GEORGE BOVEE was born in 1843, at Athens, Tioga county, New York. His parents, Peter and Nancy Bovee, natives of Broome county, New York, came to Hepburn township, Lycoming county, Pennsylvania, in 1860. They were the parents Of eight children: Adeline, deceased; Kate L.; Dolly Ann, deceased; Rodney M., deceased; John O.; George; Perry H., and Walter H. At the age of eighteen years, upon the breaking out of the late war, George joined Company B, Eighth Pennsylvania Cavalry, and after seeing some hard service during the Peninsular campaign, was discharged on account of disability, his term of service having been nine-teen months. He is a carpenter by trade, and followed that occupation for many years. He bought the farm of ninety-one acres where he now resides in Hepburn township ten years ago; he has improved the place in every way and has recently built a large barn, the house being also new and commodious. Mr. Bovee was married in 1866 to Sarah E., Ball, who was born in Hepburn township and is the daughter of Samuel and Belinda (Wilson) Ball. Four children have been born to this union: Alice E.; Samuel B.; Burton R., and Erving E. Mr. Bovee is a Republican in politics.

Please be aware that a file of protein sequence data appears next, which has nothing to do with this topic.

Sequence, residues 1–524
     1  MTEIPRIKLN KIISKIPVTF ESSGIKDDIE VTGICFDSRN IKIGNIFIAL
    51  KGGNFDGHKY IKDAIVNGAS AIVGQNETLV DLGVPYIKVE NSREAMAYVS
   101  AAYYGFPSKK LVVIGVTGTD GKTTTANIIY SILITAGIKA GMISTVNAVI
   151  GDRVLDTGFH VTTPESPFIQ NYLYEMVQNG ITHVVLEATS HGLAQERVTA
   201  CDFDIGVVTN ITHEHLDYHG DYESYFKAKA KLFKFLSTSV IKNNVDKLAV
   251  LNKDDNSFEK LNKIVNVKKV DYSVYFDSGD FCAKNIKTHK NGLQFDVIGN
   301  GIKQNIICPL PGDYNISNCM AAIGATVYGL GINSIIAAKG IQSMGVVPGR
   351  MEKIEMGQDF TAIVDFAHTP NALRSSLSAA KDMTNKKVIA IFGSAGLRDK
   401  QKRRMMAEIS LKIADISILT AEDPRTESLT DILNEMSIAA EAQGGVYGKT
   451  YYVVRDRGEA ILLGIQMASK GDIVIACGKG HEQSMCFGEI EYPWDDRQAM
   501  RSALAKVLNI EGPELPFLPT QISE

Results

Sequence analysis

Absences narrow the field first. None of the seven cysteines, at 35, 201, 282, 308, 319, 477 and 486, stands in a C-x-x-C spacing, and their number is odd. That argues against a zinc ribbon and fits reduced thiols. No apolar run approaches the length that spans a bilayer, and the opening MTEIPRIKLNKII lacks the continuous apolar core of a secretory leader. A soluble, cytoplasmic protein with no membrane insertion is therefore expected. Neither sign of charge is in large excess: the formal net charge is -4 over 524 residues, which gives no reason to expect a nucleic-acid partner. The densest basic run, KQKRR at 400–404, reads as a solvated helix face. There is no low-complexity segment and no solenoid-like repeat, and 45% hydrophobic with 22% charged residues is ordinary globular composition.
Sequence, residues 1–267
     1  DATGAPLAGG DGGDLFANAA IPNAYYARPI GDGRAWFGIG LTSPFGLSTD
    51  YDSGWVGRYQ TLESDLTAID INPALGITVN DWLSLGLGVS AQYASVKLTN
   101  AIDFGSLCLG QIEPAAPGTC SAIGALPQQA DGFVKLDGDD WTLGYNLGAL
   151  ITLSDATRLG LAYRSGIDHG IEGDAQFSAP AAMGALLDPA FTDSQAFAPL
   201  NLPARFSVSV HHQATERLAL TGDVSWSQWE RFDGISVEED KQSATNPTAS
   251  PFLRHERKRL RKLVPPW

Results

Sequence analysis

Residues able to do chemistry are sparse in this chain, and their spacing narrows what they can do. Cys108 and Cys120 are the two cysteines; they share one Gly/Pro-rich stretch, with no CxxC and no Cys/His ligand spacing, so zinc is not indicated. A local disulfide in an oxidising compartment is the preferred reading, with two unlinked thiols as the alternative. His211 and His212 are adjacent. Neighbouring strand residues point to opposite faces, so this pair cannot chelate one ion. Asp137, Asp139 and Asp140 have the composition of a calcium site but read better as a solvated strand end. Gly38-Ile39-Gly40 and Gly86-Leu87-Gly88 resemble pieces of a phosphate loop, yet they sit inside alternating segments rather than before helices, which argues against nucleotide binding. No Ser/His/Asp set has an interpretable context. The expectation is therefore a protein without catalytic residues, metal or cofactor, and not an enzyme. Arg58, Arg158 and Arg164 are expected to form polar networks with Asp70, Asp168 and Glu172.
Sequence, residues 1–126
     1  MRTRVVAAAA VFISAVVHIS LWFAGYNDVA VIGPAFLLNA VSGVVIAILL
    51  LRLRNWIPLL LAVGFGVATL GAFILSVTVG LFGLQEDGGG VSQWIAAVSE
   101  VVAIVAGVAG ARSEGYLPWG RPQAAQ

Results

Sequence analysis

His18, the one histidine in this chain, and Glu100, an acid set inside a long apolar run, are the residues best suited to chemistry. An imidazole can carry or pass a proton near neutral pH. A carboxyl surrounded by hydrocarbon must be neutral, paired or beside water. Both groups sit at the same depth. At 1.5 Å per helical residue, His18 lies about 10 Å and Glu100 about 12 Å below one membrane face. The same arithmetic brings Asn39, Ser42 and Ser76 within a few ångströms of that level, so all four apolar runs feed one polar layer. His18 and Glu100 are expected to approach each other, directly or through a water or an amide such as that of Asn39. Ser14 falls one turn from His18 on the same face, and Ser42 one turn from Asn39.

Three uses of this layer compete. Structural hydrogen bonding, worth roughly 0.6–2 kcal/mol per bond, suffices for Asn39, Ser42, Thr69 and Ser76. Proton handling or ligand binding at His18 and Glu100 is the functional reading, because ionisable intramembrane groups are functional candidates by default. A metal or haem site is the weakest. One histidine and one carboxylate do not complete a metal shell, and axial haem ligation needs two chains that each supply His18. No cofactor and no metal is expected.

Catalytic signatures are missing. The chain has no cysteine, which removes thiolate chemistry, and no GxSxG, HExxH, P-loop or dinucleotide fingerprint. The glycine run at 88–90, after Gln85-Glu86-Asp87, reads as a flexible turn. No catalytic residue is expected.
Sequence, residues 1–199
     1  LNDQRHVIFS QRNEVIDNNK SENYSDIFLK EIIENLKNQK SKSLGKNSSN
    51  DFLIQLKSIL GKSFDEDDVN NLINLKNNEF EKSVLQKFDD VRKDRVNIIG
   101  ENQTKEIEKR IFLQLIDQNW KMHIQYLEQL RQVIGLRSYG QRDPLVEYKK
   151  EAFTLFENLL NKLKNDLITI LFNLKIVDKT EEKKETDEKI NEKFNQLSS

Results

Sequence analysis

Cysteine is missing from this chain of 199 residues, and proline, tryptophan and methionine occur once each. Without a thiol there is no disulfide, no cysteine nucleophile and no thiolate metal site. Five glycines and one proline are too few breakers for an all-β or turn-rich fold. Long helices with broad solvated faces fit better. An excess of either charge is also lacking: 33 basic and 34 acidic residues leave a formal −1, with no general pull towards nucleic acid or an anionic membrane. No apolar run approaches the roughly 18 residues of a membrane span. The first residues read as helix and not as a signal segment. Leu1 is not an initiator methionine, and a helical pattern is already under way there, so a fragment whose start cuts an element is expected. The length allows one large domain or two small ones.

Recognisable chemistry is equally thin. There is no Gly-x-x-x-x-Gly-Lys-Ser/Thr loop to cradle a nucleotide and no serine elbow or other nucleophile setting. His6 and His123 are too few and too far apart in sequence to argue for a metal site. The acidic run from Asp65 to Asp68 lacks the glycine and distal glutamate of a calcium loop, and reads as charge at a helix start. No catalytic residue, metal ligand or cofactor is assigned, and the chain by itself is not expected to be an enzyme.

JOSEPH W. MILNOR was born in Bucks county, Pennsylvania, September 4, 1819, son of Joseph and Mary (Wright) Milnor, born in 1795 and 1796, respectively. In the fall of 1819 his parents came to Lycoming county, where the father died in 1867 and the mother in 1836. At the age of twenty Joseph W. taught the first term of school in Rose valley under the free school system. He was considered a good practical schoolmaster, and was quite successful in this, his first term, as well as several terms taught in the following years. While at Sunday school in Lower Fairfield township, he saw for the first time, Mary Jane Reeder, who, December 6, 1842, became his wife. He purchased a few acres of rough land in Fairfield township, on which he constructed a rude dwelling, surrounded by forests, and there began his active career. After a few years of hard labor clearing much of the ground and making other improvements, he sold, realizing considerable profit, and purchased another farm in the same township. Within a short time he sold this to good advantage, and was thereby enabled to obtain a large farm in Eldred township near Quaker Hill, to which he moved his family. In 1851 he sold the farm And purchased a store in Warrensville. He moved his family to this village and later started for Philadelphia to secure a stock of goods. This, his first trip to that city, was made by packet boat by way of Harrisburg, and it took several days to make the journey there and back. His mercantile trade grew steadily, but bright hopes of enlarging the store were shattered by the sudden death of his wife, February 21, 1853. He subsequently enlarged his business cares by erecting a larger store building, a flour and saw mill, and engaging also in the manufacture of flour and lumber. October 19, 1854, he was again married, to Mary Jane Taylor, who was born, October 31, 1832, daughter of Samuel H. Taylor, then an editor in Bellows Falls, Vermont. She removed to Pennsylvania about 1840 with her father, who became the editor of the Whig Gazette at Mauch Chunk. The second Mrs. Milnor had been a school teacher, and this experience no doubt aided her in disciplining as well as in educating the eight children to whom she had become a step-mother. She has always been a worker in the Sunday school and the church. Mr. Milnor is the father of sixteen children, fourteen of whom grew to maturity, the others dying when two years old. To his first union were born the following: Harriet G., who married Joseph Gray; Rebecca k, who married Peter F. Kimble; D. Ellen, deceased wife of William, Hanna; Mary Etta, who married Joseph C. Budd; Tacy J., who married Thomas J. Funston; Alice E., deceased; H. G., who married Theressa Ryan, and Josephine, who died in infancy. To his second marriage were also born eight children: Mahlon T., who married Addis Champion; Clara B., who married Ellis Lundy; Joseph W., who married Jennie Fague; Agnes, who died young; Ida T.; C. Omer; Robert H., and G. Bruce. Mr. Milnor is one of the prominent and influential Democrats of his township, and has been a justice of the peace for thirty years. He also served as jury commissioner in 1866, and has filled nearly all of the important offices of Eldred township. He has always taken a very deep interest in the cause of education. He is an adherent of the Quaker faith, to which his mother belonged. Through the passing years he has accumulated considerable valuable real estate, and is one of the prominent farmers of his township.